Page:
LGBT

Confronted On Opposition To Marriage Equality, Rubio Gives Yet Another Robotic Answer

CREDIT: AP Photo/Jacquelyn Martin

Sen. Marco Rubio (R-FL) greeting voters at the Puritan Backroom on Monday along with his 8-year-old son, Dominick.

At a visit to the Puritan Backroom diner in New Hampshire yesterday, Marco Rubio (R) was confronted by a gay man about the issue of marriage equality. The answer not only revealed another robotic answer from the candidate, but how little he understands the issue and its importance in people’s lives.

Timothy Kierstead, who is 50, married, and a father of three, asked Rubio, “Why do you want to put me back in the closet?” He replied, “I don’t. You can live any way you want.”

This answer did not satisfy Kierstead, who explained that Rubio’s opposition to marriage equality — to the existence of his family — amounted to him declaring “we don’t matter.” Rubio reiterated his belief that “marriage is between one man and one woman,” adding, “I think that’s what the law should be. And if you don’t agree you should have the law changed by a legislature.”

This is one of Rubio’s familiar talking points. It’s been eight months since the Supreme Court’s Obergefell ruling establishing marriage equality nation-wide, but Rubio still insists that state legislatures should be able to set their own marriage law. He rejects the reality that any such law banning same-sex couples from marrying is guaranteed to be unconstitutional in a post-Obergefell world.

“I think it’s bad law,” he said on Meet The Press in December. “And for the following reason: If you want to change the definition of marriage, then you need to go to state legislatures and get them to change it. Because states have always defined marriage.” Explaining that he doesn’t believe “case law” equals “settled law,” he promised to appoint Supreme Court justices that will “interpret the Constitution as originally constructed,” to restore this power to the states.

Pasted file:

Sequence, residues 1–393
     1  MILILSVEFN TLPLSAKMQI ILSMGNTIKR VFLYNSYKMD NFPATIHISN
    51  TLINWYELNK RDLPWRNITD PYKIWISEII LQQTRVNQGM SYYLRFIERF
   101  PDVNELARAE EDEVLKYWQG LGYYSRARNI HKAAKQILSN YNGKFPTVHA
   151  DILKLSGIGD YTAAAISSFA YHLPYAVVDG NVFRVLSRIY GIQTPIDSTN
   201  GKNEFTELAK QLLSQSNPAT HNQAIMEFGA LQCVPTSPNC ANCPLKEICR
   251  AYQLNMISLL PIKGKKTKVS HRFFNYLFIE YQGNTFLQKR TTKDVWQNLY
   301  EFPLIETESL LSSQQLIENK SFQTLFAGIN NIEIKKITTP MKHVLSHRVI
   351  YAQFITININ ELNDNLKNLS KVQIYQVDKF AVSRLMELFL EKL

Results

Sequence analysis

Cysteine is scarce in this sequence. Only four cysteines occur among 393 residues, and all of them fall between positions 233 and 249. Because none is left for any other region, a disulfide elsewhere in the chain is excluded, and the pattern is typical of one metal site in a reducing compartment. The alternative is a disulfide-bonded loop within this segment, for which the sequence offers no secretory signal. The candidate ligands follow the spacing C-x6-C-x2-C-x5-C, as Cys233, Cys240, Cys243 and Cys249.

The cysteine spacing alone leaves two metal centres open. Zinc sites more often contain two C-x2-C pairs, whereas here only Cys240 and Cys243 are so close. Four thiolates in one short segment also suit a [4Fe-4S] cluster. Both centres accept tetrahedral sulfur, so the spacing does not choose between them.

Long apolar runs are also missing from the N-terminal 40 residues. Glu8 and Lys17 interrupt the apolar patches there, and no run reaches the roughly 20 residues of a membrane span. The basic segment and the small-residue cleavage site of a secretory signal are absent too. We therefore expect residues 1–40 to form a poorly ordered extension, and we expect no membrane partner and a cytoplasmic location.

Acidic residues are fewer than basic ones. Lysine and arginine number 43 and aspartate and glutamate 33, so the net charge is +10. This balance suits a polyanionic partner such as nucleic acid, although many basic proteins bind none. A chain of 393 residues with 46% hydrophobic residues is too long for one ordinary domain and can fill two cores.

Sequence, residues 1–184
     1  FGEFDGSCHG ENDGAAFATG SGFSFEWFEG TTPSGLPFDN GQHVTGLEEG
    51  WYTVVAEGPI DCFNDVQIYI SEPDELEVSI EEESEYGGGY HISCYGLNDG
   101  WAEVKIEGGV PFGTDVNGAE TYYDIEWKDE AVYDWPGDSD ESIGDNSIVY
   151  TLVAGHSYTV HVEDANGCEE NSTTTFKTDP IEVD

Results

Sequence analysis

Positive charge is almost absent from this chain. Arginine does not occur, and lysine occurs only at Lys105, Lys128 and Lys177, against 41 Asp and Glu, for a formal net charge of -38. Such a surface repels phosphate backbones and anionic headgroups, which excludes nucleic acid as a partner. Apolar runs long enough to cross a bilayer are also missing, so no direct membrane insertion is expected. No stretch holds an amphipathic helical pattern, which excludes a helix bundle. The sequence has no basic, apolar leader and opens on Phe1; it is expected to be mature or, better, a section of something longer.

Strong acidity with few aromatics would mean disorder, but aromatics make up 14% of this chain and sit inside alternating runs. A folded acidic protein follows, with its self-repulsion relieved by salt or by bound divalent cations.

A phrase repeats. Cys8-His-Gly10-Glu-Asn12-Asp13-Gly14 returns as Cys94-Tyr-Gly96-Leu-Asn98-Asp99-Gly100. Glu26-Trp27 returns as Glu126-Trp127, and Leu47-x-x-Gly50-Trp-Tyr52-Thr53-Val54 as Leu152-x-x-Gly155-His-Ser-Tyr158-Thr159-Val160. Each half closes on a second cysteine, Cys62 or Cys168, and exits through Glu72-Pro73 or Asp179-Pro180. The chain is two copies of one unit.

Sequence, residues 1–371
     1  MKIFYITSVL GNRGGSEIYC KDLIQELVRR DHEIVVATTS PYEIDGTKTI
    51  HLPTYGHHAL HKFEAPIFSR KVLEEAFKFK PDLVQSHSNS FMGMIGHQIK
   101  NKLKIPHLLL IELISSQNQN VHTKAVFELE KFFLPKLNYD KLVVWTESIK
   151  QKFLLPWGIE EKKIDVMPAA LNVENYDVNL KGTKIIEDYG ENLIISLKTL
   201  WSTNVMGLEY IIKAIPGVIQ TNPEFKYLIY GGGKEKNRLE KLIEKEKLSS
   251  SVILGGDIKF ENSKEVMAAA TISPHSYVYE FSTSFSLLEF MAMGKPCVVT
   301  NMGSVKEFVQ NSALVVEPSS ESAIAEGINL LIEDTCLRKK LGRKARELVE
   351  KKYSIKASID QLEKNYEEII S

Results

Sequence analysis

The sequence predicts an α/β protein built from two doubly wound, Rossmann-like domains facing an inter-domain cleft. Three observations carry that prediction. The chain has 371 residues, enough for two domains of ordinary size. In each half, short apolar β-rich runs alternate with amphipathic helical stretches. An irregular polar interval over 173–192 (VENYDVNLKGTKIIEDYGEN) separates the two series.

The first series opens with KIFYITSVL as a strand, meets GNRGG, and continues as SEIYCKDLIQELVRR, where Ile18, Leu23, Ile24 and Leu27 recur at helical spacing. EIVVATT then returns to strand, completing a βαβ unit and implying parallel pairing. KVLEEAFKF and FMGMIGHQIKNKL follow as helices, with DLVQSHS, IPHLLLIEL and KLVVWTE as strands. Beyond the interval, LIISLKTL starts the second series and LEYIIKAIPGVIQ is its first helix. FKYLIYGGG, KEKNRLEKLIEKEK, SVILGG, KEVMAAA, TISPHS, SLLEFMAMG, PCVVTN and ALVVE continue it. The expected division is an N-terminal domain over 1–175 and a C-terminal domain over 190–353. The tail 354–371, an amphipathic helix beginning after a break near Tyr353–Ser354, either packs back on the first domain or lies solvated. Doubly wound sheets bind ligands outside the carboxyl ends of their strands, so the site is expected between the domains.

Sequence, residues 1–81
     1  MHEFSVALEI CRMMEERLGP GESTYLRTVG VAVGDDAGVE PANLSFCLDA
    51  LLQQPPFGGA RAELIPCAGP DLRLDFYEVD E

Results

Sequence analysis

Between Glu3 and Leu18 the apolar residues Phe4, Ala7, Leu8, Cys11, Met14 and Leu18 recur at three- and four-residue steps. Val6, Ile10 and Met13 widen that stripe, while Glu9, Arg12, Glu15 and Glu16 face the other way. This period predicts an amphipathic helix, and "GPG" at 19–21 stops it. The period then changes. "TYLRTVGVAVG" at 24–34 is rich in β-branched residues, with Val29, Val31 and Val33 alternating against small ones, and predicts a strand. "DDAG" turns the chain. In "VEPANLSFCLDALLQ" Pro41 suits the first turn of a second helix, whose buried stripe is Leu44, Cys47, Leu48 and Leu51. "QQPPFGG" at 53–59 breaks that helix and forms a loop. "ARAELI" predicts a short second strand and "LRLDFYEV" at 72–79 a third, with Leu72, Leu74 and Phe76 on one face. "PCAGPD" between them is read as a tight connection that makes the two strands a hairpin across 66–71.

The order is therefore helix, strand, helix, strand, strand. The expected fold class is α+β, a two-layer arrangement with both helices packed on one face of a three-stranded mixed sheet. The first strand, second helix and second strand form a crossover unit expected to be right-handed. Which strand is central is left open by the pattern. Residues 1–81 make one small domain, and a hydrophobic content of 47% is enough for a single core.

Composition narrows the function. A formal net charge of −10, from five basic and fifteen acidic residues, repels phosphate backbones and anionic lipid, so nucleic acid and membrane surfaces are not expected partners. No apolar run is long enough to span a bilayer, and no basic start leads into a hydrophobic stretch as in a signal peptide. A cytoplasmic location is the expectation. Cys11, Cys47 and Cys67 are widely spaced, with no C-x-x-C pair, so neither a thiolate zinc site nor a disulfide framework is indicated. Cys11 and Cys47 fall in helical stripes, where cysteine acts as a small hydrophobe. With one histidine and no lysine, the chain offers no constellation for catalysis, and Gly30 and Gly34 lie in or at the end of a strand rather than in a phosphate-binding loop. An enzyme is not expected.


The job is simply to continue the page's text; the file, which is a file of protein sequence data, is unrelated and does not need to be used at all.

But Rubio’s interaction with Kierstead reveals how this is another of the candidate’s rehearsed speeches. Long before the Supreme Court got involved, the New Hampshire legislature did act to define marriage on its own. After some negotiation, both the House and the Senate approved a bill by a majority vote recognizing same-sex marriage in New Hampshire. It has been legal there since January 1, 2010. Rubio’s assumption that the Supreme Court overturned every state’s marriage law simply doesn’t apply to New Hampshire.

It’s no surprise that Kierstead’s reaction to the interaction was that the Republican candidates — all of whom oppose same-sex marriage — “want to take my rights away as a citizen of the United States.” Rubio had told him that he didn’t think his family was a family, that he doesn’t think the Constitution protects his family, and that he would advocate that the legislature change the law back to no longer recognize his family.

In Saturday’s debate, Rubio once again insisted that he is not a bigot for opposing same-sex marriage. “I don’t believe that believing in traditional marriage the way I do makes you a bigot or a hater,” he said. “It means that you believe that this institution that’s been around for millennia is an important cornerstone of society. I respect people that believe differently, but believe deeply that marriage should be between one man and one woman.”